The Marine Corps has disciplined a two-star general for his role in the sinking of an amphibious assault vehicle off the coast of California in July that claimed the lives of one sailor and eight Marines, adding to a growing list of senior officers facing consequences from the mishap.
The service announced on Wednesday that Maj. Gen. Robert F. Castellvi, who commanded the 1st Marine Division at Camp Pendleton, Calif., at the time of the deadly training accident and then became the Corps’ inspector general, would be permanently removed from his position as inspector general.
General Castellvi was “personally and formally counseled” by the commandant of the Marine Corps, Gen. David H. Berger, said Maj. Jorge A. Hernandez, a Marine spokesman, noting that such action typically prevents an officer from being further promoted in rank or holding command.
The actions taken by Marine leadership against General Castellvi were reported earlier by The San Diego Union-Tribune.
The amphibious vehicles involved in the sinking were assigned to the 15th Marine Expeditionary Unit, which fell under General Castellvi’s command at the time. After becoming inspector general in October, he was temporarily removed from that position in April amid the investigation into the accident.
An investigation whose results were released in March cited “a confluence of human and mechanical failures” that led to the sinking of the 20-ton armored vehicle — which runs on treads like a tank and uses water jet pumps to ferry Marines from ships offshore to battles on land — and hindered the initial efforts to rescue those aboard.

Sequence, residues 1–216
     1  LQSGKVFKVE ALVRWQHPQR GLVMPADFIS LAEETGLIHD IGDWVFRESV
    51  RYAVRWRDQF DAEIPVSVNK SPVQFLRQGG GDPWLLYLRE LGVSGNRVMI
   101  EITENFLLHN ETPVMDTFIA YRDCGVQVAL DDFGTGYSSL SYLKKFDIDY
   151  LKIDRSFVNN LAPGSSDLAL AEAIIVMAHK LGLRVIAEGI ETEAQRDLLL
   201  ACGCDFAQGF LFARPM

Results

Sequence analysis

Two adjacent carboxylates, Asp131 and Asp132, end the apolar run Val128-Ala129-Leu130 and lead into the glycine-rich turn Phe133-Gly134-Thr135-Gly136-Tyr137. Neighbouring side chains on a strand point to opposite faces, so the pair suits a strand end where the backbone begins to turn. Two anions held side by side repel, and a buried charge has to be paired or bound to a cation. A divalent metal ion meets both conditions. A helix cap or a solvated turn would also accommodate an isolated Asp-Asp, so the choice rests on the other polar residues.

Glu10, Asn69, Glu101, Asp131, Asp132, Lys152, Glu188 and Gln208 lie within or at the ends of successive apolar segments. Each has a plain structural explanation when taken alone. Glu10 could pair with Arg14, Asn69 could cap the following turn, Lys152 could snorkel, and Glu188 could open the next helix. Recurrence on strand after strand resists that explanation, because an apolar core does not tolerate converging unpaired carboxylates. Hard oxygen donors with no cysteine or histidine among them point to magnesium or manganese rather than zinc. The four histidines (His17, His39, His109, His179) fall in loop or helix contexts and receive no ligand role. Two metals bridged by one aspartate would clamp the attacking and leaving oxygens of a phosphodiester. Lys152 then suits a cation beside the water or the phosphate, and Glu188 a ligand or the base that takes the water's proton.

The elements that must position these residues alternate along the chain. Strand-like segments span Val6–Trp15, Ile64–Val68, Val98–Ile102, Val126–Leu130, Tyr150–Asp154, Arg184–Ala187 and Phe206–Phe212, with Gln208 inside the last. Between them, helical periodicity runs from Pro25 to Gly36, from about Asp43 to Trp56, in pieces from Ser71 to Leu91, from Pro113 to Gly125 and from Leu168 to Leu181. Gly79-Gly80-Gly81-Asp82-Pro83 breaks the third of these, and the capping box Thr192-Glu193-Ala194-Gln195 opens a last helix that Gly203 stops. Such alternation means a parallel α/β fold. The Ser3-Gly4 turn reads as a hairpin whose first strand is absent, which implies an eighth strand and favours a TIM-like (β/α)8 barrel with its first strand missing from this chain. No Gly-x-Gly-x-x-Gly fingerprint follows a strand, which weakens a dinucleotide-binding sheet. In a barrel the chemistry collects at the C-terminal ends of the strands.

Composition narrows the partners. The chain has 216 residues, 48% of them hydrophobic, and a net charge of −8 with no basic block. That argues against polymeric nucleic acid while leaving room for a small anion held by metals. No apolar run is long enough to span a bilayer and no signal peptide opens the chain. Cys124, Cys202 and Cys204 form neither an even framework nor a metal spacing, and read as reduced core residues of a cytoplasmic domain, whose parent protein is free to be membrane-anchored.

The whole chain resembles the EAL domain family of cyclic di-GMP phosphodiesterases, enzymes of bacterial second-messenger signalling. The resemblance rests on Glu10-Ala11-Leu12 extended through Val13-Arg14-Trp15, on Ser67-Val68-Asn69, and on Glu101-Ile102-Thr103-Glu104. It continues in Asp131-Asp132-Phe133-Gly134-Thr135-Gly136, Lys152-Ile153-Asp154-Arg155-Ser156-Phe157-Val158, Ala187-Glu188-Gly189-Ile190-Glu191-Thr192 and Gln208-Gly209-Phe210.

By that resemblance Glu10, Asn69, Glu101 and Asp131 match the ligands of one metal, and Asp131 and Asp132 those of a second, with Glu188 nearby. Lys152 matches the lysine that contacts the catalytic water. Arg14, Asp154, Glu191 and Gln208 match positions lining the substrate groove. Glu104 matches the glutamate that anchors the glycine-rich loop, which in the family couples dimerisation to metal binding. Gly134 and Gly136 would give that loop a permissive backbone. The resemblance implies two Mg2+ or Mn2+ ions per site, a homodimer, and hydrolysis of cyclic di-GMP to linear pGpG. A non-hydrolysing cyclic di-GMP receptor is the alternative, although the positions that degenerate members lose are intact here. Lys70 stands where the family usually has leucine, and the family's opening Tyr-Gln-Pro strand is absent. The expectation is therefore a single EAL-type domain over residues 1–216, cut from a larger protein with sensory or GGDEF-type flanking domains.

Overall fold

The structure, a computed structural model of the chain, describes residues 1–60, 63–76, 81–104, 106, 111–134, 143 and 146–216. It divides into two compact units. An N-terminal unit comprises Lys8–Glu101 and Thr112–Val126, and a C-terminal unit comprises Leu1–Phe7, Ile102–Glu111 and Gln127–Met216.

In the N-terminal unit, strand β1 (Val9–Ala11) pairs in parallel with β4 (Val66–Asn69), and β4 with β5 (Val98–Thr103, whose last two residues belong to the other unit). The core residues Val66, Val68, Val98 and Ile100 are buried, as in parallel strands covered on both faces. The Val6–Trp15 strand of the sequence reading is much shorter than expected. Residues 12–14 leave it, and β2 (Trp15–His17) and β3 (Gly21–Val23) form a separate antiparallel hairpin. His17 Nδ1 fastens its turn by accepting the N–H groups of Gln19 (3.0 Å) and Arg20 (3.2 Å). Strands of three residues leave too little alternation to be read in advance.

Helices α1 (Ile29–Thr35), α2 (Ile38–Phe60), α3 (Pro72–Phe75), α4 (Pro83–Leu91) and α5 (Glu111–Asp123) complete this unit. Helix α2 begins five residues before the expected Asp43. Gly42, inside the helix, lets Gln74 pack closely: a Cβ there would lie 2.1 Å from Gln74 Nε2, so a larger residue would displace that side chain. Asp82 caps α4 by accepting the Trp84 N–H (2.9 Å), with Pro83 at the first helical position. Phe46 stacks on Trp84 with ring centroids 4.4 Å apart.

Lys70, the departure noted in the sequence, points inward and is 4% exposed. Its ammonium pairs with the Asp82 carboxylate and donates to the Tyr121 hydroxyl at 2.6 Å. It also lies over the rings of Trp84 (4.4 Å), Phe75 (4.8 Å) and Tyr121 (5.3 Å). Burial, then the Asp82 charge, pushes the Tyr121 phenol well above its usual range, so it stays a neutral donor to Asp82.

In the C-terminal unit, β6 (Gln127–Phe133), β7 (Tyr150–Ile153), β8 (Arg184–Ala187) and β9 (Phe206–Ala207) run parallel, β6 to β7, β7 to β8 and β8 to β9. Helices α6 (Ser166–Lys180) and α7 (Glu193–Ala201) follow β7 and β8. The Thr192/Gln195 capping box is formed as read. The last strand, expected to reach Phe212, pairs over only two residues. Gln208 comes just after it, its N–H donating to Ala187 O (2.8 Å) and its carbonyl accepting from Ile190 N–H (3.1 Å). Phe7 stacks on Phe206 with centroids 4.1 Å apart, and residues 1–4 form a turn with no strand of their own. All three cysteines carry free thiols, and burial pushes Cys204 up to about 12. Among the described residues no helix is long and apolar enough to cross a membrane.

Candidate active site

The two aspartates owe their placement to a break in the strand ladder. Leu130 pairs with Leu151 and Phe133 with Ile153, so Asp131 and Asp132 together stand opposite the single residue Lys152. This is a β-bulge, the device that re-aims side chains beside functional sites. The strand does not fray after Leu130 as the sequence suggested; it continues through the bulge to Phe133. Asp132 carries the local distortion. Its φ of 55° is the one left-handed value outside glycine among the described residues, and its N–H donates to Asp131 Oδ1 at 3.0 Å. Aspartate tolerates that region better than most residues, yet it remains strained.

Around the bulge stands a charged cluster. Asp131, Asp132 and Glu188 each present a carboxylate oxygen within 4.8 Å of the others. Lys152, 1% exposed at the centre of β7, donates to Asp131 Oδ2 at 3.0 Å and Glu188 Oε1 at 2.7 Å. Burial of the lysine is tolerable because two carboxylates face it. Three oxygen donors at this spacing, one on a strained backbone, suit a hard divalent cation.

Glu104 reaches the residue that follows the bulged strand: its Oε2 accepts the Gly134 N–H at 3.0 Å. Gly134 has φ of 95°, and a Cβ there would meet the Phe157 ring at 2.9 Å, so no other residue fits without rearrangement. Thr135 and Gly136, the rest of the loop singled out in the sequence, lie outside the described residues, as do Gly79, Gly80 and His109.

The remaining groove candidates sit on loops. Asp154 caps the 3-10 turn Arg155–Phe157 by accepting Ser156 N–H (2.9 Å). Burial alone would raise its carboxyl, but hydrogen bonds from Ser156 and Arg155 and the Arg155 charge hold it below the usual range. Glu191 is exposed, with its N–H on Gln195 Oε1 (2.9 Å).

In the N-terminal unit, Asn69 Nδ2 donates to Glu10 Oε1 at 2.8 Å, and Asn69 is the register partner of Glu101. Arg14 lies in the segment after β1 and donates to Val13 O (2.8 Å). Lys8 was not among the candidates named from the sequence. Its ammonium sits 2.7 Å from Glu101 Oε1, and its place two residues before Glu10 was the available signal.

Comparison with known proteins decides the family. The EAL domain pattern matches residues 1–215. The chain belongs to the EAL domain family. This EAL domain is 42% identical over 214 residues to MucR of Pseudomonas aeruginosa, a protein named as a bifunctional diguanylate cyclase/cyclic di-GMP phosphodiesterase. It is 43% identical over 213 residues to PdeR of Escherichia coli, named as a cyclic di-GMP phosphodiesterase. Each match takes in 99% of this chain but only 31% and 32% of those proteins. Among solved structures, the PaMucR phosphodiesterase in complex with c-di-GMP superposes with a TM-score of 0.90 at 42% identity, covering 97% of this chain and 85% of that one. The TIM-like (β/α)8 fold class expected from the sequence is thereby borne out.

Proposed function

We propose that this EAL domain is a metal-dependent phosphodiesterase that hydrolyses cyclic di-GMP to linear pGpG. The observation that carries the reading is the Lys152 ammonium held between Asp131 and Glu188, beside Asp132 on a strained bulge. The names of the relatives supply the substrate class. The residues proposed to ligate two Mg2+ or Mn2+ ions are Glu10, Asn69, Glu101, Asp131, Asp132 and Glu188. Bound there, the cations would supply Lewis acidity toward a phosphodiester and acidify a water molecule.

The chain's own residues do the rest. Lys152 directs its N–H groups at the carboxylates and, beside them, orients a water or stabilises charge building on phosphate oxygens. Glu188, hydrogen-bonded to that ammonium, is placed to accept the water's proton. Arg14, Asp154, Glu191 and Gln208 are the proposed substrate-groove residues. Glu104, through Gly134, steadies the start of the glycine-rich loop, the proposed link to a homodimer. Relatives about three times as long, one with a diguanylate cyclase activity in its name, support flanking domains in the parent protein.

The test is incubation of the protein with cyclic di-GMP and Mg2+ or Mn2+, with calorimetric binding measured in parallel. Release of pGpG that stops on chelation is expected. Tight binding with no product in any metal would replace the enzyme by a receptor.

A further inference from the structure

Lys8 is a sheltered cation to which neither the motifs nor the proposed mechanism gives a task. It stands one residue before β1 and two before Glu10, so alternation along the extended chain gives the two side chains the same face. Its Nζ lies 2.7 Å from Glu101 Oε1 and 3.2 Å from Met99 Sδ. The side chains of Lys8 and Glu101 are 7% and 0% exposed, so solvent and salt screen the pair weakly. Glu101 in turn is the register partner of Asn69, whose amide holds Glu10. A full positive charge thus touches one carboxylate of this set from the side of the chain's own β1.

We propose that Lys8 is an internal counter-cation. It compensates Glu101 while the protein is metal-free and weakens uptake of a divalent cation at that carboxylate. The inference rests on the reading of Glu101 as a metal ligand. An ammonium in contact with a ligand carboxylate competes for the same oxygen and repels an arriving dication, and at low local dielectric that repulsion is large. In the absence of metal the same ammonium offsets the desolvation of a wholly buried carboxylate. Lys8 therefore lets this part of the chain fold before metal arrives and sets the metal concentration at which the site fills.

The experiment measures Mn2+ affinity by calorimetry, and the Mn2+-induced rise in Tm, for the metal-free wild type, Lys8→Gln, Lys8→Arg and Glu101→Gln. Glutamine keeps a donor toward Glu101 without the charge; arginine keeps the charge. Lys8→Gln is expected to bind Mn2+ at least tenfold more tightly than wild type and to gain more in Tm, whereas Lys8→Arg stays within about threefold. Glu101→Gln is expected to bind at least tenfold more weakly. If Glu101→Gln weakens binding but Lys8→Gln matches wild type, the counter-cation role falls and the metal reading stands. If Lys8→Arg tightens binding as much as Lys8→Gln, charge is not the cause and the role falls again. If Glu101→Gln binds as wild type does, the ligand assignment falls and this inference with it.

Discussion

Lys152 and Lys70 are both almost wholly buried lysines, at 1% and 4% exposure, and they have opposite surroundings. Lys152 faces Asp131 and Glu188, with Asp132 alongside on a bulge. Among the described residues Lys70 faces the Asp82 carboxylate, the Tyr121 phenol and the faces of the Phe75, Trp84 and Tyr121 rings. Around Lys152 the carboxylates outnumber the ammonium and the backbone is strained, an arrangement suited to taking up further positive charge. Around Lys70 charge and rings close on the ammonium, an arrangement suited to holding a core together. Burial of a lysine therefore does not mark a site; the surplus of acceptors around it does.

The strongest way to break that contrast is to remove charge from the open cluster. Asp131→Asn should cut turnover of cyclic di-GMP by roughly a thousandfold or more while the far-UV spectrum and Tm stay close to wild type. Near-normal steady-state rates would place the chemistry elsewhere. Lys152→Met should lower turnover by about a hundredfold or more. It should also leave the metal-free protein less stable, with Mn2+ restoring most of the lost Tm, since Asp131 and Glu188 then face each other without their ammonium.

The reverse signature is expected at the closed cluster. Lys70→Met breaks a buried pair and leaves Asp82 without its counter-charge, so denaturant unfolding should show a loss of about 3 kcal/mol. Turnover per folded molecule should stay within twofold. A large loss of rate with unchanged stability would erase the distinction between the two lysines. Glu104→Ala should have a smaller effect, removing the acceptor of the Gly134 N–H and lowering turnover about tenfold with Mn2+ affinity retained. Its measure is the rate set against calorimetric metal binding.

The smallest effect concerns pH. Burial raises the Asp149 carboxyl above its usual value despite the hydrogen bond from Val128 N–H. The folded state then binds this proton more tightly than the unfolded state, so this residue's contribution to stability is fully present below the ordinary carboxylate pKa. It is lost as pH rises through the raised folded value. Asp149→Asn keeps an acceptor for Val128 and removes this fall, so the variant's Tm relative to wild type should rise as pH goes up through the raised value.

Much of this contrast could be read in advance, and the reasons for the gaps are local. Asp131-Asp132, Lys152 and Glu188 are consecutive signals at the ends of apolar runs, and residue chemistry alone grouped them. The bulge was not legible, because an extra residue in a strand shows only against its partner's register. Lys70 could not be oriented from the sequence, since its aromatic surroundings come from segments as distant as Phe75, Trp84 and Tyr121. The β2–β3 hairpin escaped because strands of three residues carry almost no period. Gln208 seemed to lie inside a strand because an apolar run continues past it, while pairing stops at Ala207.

On the afternoon of July 30, nine amphibious vehicles were motoring through the water from San Clemente Island, a major Navy training area off the coast of Southern California, to a Navy ship offshore as part of a training exercise when one of them began taking on water.
Although the vehicle’s commander signaled for help, the investigation found that no safety boats were in the water to lend assistance. A second amphibious vehicle reached the stricken vessel about 20 minutes later, but the two eventually collided, turning the troubled vehicle broadside into an incoming swell. A large wave then swept into an open hatch, which caused the flooding vehicle to sink rapidly with 11 troops on board, killing nine.
The investigation determined that the vehicle that sank was improperly maintained and that those aboard were not adequately trained. The Marine Corps cited both issues in its rationale for firing General Castellvi.
The commander of the 15th Marine Expeditionary Unit at the time, Col. Christopher J. Bronzi, was relieved of his duties on March 23, according to a Marine Corps statement. The commanders of the battalion and company responsible for the sunken vehicle were relieved of their duties in October. Seven other service members were disciplined for their roles in the mishap, but the Marine Corps has not named them.
In an email, Major Hernandez said that General Castellvi would not make any immediate public statements and that the investigation was continuing.
Author: John Ismay
This post originally appeared on NYT > U.S. News